For instance, a pascal programmer could see a goto and vomit. A C programmer could use it in a way that it very convenient to simplify the code and see it beautiful. I grew as a pascal programmer and I developed an aversion to gotos that I believed played against me when I started with C. Still today I do not use any, when my mind is telling me it could be better to do it in certain cases. I think we need to keep our minds open. setjmp longjmp is another case that some people have strong disagreements about it, when it comes to "beauty".

"Beautiful code is for hippies, who could only play frisbee" will say Eric Cartman ;-)

Miguel

mar
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Re: How beautiful is your code?

Post by mar » Tue Jan 15, 2013 8:16 pm

My code is ugly.
But beautiful code IMHO is well designed in the first place. Poor design and you are DOOMed :)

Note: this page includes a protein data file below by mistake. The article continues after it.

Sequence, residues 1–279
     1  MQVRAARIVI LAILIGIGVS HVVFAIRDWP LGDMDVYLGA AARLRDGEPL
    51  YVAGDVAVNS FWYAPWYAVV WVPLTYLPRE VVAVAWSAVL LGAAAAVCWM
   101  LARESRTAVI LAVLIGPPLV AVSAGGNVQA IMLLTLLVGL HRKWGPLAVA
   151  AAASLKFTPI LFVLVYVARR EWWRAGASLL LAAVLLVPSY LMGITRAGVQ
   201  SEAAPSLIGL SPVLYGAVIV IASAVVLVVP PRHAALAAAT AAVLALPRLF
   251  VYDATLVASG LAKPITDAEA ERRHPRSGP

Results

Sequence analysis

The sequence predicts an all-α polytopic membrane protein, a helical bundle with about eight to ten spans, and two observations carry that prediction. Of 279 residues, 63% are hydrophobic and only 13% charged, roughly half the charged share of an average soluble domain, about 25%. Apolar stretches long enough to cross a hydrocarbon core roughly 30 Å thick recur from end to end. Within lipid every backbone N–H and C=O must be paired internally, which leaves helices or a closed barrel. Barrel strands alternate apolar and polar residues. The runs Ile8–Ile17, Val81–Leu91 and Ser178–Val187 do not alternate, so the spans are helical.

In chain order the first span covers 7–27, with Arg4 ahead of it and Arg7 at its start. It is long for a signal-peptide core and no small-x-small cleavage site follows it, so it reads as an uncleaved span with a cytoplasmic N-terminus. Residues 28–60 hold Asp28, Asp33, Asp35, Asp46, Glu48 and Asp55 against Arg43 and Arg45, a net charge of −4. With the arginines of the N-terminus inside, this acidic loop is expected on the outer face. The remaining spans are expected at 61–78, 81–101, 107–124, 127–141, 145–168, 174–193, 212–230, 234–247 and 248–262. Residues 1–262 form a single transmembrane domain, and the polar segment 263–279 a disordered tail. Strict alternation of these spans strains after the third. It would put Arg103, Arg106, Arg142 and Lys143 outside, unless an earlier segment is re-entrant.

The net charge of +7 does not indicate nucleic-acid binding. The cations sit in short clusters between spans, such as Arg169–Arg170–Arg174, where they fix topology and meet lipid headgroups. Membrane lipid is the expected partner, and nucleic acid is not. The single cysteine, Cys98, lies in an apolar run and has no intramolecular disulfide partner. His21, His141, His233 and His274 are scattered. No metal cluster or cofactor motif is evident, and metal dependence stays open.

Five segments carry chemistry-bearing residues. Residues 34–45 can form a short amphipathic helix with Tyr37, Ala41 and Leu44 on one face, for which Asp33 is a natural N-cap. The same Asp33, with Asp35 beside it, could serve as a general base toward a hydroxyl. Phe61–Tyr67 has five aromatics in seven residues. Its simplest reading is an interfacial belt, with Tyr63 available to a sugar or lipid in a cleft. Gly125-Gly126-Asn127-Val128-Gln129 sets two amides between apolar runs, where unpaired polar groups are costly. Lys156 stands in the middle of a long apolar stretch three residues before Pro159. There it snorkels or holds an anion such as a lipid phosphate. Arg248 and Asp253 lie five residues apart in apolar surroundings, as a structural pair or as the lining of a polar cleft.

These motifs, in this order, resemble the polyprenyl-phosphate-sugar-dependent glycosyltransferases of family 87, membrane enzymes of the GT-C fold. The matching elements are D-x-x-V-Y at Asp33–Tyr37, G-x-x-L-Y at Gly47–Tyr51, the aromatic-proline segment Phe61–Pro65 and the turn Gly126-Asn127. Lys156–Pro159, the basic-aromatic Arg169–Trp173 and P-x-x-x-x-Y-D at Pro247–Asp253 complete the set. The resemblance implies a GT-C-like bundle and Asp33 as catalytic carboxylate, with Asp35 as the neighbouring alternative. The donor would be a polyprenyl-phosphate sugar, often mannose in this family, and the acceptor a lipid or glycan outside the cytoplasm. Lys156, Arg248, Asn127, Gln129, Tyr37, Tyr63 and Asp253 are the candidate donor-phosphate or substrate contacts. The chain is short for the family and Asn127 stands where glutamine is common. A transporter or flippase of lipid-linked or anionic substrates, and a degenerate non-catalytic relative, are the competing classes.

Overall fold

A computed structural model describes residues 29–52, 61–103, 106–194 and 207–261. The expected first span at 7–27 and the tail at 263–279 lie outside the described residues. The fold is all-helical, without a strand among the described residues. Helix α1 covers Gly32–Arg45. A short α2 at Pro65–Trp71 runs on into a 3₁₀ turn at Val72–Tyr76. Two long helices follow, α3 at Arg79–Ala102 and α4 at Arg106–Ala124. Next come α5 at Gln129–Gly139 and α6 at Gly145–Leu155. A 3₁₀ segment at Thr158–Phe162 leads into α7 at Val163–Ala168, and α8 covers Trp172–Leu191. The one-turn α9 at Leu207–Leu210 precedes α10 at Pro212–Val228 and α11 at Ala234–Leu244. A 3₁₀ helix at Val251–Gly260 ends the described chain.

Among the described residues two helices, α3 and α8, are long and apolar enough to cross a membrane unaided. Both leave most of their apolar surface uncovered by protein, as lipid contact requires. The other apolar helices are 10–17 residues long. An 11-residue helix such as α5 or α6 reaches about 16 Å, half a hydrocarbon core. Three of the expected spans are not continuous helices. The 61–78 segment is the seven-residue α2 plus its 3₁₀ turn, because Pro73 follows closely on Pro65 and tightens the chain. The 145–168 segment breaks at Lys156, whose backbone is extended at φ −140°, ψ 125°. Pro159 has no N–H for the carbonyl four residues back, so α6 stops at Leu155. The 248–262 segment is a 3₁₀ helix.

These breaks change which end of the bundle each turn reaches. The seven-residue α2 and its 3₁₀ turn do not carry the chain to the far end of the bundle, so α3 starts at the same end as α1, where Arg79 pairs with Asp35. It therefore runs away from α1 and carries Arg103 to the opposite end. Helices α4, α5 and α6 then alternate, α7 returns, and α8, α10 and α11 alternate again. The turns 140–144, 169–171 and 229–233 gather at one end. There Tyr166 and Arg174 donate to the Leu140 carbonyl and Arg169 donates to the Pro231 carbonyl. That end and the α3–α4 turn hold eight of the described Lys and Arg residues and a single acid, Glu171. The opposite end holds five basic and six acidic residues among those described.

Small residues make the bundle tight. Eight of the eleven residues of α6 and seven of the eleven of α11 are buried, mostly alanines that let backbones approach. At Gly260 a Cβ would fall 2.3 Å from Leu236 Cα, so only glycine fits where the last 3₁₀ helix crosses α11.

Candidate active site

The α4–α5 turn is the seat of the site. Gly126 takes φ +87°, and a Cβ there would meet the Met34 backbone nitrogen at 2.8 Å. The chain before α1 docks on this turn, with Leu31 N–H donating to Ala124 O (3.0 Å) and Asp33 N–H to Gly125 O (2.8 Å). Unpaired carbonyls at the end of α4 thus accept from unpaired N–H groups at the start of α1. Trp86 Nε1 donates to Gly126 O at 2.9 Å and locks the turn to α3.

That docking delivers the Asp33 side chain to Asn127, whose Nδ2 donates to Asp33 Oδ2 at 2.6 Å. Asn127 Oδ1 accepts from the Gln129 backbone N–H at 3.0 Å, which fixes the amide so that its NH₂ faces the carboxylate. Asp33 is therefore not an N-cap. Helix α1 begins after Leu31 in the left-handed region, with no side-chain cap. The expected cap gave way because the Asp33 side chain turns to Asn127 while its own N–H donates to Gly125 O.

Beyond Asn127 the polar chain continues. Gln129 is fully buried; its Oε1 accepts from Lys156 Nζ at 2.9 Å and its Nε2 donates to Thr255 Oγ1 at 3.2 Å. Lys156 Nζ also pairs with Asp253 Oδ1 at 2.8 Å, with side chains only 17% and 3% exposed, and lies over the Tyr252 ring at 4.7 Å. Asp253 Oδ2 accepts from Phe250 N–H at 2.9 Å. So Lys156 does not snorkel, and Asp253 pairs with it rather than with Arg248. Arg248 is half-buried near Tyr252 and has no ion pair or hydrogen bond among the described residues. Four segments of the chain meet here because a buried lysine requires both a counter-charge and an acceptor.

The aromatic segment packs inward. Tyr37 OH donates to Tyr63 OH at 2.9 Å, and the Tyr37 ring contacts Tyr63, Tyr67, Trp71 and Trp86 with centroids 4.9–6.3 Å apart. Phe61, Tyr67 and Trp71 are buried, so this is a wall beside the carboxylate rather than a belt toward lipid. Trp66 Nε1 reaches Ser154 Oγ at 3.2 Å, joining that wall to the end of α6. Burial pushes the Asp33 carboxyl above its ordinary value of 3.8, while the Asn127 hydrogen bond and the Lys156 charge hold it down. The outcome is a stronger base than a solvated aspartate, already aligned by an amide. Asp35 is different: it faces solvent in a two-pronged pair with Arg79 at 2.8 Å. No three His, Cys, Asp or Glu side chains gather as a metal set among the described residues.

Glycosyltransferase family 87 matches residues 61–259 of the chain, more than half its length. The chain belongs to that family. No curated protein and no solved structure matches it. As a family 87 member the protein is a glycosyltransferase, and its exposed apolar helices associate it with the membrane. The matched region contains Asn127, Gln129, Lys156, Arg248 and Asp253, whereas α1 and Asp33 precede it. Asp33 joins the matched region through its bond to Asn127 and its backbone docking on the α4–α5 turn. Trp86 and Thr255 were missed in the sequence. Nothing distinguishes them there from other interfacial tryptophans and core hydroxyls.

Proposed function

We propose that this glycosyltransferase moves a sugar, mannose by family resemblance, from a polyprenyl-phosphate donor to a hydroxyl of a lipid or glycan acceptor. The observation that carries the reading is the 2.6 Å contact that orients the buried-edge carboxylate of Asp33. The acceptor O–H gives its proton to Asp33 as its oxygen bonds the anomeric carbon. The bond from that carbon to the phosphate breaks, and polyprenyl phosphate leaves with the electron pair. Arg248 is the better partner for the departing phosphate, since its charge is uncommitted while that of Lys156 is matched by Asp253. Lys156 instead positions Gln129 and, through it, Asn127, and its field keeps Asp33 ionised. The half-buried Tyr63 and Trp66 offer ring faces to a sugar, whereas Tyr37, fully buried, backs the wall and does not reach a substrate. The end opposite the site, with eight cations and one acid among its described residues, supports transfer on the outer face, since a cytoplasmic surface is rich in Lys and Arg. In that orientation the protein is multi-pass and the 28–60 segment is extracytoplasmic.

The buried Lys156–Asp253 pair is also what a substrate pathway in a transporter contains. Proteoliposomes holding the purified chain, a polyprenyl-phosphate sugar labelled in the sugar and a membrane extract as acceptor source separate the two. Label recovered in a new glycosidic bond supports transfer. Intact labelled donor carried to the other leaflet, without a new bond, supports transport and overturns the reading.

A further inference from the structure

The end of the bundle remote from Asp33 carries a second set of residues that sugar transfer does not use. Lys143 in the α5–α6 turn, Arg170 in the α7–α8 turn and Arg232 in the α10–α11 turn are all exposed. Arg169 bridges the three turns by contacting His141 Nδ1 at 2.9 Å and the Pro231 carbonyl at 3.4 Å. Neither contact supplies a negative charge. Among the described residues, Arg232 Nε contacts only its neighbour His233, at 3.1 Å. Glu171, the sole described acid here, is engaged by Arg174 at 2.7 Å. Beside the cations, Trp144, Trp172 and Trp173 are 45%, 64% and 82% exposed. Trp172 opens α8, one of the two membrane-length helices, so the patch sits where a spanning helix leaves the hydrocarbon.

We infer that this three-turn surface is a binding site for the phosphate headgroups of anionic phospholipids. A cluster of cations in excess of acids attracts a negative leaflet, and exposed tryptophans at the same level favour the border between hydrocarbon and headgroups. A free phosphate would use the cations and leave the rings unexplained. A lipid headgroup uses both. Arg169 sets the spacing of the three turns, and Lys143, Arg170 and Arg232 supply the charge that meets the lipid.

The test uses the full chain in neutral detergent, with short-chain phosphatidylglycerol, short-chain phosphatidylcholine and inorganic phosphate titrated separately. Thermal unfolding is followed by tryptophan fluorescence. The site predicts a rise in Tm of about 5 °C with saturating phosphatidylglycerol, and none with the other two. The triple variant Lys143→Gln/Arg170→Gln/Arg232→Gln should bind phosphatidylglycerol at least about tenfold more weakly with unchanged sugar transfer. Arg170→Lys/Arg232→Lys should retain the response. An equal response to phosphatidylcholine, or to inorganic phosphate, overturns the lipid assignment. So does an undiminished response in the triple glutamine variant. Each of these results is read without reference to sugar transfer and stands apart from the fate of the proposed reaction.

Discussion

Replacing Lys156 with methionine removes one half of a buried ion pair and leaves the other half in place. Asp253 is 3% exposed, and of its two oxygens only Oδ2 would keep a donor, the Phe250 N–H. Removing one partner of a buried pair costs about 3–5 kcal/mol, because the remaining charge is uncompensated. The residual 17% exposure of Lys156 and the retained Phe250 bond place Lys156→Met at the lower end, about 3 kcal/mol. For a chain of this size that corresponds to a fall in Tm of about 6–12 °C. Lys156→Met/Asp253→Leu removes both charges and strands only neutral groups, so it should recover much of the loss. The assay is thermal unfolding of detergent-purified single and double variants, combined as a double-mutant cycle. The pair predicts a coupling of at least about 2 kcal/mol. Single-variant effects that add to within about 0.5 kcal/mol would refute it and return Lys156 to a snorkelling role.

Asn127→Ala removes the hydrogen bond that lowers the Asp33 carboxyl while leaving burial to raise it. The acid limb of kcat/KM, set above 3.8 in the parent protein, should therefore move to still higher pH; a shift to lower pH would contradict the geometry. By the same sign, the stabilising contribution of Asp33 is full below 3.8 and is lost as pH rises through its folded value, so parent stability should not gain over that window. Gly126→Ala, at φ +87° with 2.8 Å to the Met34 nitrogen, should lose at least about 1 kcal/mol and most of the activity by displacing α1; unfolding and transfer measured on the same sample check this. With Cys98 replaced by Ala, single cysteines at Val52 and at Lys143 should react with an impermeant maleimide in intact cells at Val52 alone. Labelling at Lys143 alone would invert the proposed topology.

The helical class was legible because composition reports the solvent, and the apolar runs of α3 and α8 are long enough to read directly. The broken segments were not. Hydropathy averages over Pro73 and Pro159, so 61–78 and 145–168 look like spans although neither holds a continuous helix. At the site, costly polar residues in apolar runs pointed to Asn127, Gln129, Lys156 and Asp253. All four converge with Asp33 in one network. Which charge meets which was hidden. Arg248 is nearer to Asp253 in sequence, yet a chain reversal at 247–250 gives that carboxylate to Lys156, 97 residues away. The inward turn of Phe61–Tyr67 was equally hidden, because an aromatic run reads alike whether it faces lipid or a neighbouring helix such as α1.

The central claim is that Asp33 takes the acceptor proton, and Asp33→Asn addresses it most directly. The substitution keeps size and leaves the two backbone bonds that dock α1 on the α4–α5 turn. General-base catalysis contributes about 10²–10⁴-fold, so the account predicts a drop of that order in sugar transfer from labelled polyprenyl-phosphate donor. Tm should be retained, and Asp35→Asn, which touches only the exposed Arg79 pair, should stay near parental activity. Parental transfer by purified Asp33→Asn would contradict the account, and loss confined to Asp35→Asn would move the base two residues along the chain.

You mentioned Doom3, I think Quake3 (plain C) was a masterpiece.
"Beautiful" code makes you think it's actually very simple.

Modern Times
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Re: How beautiful is your code?

Post by Modern Times » Tue Jan 15, 2013 9:44 pm

michiguel wrote: For instance, a pascal programmer could see a goto and vomit. A C programmer could use it in a way that it very convenient to simplify the code and see it beautiful. I grew as a pascal programmer and I developed an aversion to gotos that I believed played against me when I started with C. Still today I do not use any, when my mind is telling me it could be better to do it in certain cases.
Miguel
In my programming class a couple of decades ago, using a GOTO was an instant fail from our lecturer. Things have moved on of course...